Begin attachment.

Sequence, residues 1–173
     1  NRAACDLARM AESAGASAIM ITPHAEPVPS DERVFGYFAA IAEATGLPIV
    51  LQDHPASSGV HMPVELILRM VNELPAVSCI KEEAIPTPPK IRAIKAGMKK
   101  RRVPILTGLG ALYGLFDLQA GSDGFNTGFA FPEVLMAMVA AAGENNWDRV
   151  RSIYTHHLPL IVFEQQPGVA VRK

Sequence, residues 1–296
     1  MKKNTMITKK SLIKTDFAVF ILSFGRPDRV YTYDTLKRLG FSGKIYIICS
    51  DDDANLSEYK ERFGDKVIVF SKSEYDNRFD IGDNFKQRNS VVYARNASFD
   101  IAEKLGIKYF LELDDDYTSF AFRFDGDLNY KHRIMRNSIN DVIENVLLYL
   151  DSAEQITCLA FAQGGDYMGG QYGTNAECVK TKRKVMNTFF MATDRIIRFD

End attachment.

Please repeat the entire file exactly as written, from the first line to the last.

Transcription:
Sequence, residues 1–173
     1  NRAACDLARM AESAGASAIM ITPHAEPVPS DERVFGYFAA IAEATGLPIV
    51  LQDHPASSGV HMPVELILRM VNELPAVSCI KEEAIPTPPK IRAIKAGMKK
   101  RRVPILTGLG ALYGLFDLQA GSDGFNTGFA FPEVLMAMVA AAGENNWDRV
   151  RSIYTHHLPL IVFEQQPGVA VRK

Sequence, residues 1–296
     1  MKKNTMITKK SLIKTDFAVF ILSFGRPDRV YTYDTLKRLG FSGKIYIICS
    51  DDDANLSEYK ERFGDKVIVF SKSEYDNRFD IGDNFKQRNS VVYARNASFD
   101  IAEKLGIKYF LELDDDYTSF AFRFDGDLNY KHRIMRNSIN DVIENVLLYL
   151  DSAEQITCLA FAQGGDYMGG QYGTNAECVK TKRKVMNTFF MATDRIIRFD